The government of Saudi Arabia has withdrawn its ambassador from Sweden after the Scandinavian country annulled a multimillion dollar defense contract with the Arab kingdom. Stockholm scrapped the contract on Monday, a day after the Saudis blocked a scheduled speech by the Swedish Minister of Foreign Affairs, Margot Wallström, at the Arab League conference in Cairo. Wallström said she was “astonished” after Arab delegates backed a last-minute push by the Saudi delegation to the meeting to block her from speaking. The effort to block the Swedish politician’s speech was initiated once it became clear that she intended to criticize the Kingdom’s human-rights record. The Swedish politician had reportedly planned to broach the issue of freedom of expression and religious worship, as well as touch on the subject of women’s rights in Saudi Arabia. The speech was meant to highlight Wallström’s “feminist foreign policy”, which she has previously said will form “an integral part” of the policy strategy of the Swedish Ministry of Foreign Affairs under her leadership.

On Tuesday, the Swedish government announced that a lucrative weapons agreement, which was first signed between Stockholm and Riyadh in 2005, would be scrapped in protest against the Arab Kingdom’s poor human-rights record. The day before the announcement, Wallström had proceeded to post online the text of the speech that she had been scheduled to deliver in Cairo, where she had been invited by the Arab League as a guest of honor. Fewer than 24 hours later, the Saudi Foreign Ministry said it would be recalling its ambassador to Sweden, Ibrahim bin Saad Al-Ibrahim, in protest against what it said were Sweden’s “offensive” and “harmful” actions against the Kingdom. An official statement by the Saudi government described Wallström’s criticisms as a “blatant interference” in the Kingdom’s internal affairs that had “violated accepted international conventions”.

Sweden’s Ministry of Foreign Affairs confirmed late on Wednesday that the Saudi ambassador to the country was being recalled, but it refused to speculate on whether it would respond by recalling its ambassador to the Arab Kingdom.

Colombian ex-spy head convicted over wiretapping scandal

Maria del Pilar HurtadoBy IAN ALLEN | intelNews.org
The former director of Colombia’s intelligence service, who recently surrendered after being on the run for five years, has been convicted for organizing an illegal wiretapping campaign against politicians, judges and other high-profile personalities. María del Pilar Hurtado directed the highly disreputable Administrative Department for Security (DAS) from 2007 to 2009. But on October 31, 2010, she left Colombia, apparently unobstructed, despite being a prime subject in a high-level investigation into political spying by DAS. She later surfaced in Panama, where she formally requested political asylum. The latter was granted to her in November 2010, causing the amazement of public prosecutors in Bogota, who accused the Panamanian government of subverting Colombian justice.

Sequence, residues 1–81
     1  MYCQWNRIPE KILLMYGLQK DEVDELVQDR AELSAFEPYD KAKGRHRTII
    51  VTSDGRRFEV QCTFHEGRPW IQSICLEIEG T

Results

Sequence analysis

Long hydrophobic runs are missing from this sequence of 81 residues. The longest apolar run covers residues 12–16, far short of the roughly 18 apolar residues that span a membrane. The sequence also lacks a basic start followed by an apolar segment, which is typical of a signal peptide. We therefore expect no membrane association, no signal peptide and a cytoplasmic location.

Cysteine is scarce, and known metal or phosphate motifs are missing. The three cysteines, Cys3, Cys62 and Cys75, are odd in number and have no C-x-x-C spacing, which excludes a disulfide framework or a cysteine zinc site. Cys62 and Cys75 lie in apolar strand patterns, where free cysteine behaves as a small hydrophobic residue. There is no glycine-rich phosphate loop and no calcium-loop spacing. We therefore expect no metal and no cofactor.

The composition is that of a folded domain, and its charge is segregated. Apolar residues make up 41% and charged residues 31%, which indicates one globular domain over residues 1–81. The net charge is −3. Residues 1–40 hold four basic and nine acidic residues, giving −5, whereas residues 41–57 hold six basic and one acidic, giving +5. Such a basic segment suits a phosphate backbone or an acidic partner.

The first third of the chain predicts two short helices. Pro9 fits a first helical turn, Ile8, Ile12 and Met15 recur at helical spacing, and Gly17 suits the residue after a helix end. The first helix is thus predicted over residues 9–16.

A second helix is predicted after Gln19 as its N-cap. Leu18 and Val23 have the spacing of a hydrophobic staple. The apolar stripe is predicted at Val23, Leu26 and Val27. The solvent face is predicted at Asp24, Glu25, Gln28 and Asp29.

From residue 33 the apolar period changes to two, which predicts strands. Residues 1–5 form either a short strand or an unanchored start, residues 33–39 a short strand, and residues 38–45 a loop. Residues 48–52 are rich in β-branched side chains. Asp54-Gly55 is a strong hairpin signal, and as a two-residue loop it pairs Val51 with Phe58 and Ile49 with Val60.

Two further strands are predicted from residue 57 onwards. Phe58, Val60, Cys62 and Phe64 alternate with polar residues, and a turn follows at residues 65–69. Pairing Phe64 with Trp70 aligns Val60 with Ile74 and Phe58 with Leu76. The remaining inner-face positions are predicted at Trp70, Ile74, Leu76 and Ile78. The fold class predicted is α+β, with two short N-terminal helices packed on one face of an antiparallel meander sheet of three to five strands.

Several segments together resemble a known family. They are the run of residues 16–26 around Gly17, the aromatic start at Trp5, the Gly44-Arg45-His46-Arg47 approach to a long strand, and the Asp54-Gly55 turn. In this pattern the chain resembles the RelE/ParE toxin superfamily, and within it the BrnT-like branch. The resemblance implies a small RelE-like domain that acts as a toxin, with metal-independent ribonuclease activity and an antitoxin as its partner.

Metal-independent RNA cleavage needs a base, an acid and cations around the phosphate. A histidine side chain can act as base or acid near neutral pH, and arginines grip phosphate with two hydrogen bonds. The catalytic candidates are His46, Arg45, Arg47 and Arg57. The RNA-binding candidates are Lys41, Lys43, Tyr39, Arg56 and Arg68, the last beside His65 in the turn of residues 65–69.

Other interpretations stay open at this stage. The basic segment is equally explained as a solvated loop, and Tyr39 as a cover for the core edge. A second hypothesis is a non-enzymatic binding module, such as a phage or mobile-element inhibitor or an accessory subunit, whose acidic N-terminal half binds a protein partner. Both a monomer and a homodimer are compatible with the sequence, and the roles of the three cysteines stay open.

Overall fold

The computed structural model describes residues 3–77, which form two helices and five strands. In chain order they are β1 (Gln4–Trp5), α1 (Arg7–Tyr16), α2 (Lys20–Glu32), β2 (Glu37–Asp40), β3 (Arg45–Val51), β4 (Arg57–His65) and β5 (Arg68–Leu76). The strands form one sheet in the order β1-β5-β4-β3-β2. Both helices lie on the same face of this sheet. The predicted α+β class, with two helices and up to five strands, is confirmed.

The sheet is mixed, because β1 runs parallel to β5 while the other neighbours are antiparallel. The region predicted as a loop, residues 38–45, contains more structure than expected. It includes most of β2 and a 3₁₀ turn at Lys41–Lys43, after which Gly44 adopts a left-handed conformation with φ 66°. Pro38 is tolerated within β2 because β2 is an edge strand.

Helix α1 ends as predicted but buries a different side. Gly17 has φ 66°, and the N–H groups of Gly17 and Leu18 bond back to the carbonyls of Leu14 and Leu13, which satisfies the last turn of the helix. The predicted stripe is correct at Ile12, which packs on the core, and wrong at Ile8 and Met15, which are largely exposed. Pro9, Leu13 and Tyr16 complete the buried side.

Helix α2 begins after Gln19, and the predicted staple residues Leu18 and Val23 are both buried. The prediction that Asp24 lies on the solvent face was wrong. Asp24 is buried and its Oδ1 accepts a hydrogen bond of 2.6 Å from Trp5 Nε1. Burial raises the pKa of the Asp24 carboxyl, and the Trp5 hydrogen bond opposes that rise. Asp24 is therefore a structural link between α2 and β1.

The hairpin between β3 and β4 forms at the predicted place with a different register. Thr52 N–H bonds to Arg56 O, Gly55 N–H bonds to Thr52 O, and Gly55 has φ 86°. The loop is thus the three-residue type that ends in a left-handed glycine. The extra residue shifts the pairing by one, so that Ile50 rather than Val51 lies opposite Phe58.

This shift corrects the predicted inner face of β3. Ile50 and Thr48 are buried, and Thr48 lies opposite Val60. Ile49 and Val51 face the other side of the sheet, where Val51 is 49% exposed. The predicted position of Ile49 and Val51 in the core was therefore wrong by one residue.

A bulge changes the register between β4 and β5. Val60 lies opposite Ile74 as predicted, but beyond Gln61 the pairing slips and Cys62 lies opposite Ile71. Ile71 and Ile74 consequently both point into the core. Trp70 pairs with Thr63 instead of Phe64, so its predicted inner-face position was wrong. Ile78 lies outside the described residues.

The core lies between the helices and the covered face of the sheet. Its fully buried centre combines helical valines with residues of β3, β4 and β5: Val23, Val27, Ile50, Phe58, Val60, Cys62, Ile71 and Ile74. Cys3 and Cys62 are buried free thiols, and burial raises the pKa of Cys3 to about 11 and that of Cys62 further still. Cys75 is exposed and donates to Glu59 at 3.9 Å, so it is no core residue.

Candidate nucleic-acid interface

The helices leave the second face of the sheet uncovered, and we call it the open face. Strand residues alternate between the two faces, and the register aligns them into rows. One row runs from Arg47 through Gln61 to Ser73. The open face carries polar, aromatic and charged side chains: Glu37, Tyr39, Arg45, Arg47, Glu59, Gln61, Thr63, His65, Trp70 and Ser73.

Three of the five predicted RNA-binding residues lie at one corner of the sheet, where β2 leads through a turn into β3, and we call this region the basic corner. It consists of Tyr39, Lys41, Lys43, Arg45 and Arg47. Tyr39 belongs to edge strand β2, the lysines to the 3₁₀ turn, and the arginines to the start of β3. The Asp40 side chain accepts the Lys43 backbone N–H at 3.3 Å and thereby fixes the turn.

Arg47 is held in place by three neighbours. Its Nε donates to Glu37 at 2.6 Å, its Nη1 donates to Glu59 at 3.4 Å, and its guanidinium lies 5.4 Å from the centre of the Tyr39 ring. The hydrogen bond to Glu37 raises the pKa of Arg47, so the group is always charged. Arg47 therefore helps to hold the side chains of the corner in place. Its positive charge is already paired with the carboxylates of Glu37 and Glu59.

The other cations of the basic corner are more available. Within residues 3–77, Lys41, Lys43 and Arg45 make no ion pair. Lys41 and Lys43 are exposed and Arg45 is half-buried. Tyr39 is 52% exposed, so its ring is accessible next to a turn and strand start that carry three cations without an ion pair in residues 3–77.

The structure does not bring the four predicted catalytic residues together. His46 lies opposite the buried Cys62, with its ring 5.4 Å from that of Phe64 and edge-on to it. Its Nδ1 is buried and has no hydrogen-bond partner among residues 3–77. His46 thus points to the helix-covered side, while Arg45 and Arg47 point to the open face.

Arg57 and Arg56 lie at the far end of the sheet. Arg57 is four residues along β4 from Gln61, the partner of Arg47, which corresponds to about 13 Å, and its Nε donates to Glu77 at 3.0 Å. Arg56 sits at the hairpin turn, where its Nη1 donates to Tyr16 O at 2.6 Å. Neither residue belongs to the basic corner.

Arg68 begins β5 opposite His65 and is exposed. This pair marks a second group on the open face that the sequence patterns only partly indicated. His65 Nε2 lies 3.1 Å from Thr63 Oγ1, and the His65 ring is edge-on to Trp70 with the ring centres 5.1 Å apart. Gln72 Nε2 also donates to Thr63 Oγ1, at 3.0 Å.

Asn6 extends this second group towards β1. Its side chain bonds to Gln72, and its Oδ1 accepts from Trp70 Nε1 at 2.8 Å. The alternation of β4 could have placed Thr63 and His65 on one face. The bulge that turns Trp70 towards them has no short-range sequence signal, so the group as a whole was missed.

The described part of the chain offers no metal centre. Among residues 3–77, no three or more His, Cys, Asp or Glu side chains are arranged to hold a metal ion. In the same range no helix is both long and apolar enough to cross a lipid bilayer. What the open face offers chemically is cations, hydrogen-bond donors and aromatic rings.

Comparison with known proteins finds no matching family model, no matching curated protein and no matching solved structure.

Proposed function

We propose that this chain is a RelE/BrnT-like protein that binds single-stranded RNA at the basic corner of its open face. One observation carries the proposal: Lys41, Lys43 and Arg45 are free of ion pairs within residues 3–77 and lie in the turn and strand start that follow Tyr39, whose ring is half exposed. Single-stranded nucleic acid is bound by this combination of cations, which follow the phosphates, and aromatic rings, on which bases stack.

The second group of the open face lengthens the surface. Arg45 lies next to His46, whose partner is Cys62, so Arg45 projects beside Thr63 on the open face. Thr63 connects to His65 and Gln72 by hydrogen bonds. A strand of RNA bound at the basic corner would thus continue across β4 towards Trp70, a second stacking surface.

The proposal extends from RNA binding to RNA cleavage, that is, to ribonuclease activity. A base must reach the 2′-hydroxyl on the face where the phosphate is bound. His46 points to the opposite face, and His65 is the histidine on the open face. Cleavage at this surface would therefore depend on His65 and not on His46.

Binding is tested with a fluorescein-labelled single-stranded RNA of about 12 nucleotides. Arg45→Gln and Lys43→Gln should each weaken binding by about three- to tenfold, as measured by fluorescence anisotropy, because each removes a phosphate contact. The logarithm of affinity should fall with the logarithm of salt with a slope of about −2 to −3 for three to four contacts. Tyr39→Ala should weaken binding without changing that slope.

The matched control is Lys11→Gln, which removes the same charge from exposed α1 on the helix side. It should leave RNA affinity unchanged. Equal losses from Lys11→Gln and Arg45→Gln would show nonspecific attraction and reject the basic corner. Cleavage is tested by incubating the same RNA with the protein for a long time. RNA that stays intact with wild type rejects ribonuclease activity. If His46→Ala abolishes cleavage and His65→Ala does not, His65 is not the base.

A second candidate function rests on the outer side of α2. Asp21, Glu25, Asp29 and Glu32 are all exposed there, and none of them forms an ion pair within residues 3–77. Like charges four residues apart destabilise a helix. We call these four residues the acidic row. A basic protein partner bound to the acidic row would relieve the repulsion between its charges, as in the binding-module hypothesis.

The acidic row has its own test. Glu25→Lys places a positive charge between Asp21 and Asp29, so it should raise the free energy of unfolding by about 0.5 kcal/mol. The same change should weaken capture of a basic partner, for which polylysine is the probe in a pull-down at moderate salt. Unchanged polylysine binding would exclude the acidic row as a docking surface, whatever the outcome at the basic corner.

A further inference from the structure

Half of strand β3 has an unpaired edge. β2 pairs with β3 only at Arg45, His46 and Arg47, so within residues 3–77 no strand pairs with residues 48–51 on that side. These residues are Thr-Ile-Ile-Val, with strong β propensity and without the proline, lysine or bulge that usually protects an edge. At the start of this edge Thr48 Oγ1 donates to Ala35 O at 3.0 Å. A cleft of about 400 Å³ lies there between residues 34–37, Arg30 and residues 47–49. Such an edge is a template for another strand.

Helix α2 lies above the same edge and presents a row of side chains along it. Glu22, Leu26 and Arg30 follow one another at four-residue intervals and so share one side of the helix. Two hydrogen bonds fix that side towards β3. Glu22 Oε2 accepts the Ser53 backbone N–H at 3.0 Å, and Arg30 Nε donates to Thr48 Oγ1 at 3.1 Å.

Hurtado is among 18 senior officials facing charges for criminal activities during the administration of Colombia’s former President Alvaro Uribe. His critics accuse him of authorizing a massive program of political surveillance, which targeted former presidents, Supreme Court judges, prominent journalists, union leaders, human rights campaigners, and even European politicians. Last summer, after consistent diplomatic pressure from the Colombian government, Panama’s Supreme Court to ruled that Hurtado’s asylum had been granted to her in violation of the Panamanian constitution. Eventually, Hurtado’s asylum was revoked; but by that time the fugitive former spy director had once again disappeared. Her whereabouts remained unknown until September 30 of this year, when Interpol issued an international arrest warrant for her capture. That same evening, Hurtado appeared at the Colombian embassy in Panama and promptly identified herself, stating that she was turning herself in.

In delivering its unanimous guilty verdict, Colombia’s Supreme Court said on Friday that Hurtado had “abused her authority” through a series of “wrongful and arbitrary acts”, which included the systematic “unlawful violation of communications”. Commenting on the court’s decision, a lawyer for one of Hurtado’s victims, former senator Piedad Cordoba, said the court should also consider the question of “who drove [Hurtado] to commit the offenses” against Uribe’s critics. Many of the victims in the court case against Hurtado have publicly accused former President Uribe of ordering the wiretaps. He denies the accusations. Hurtado could face up to 18 years in prison. She is expected to be sentenced today.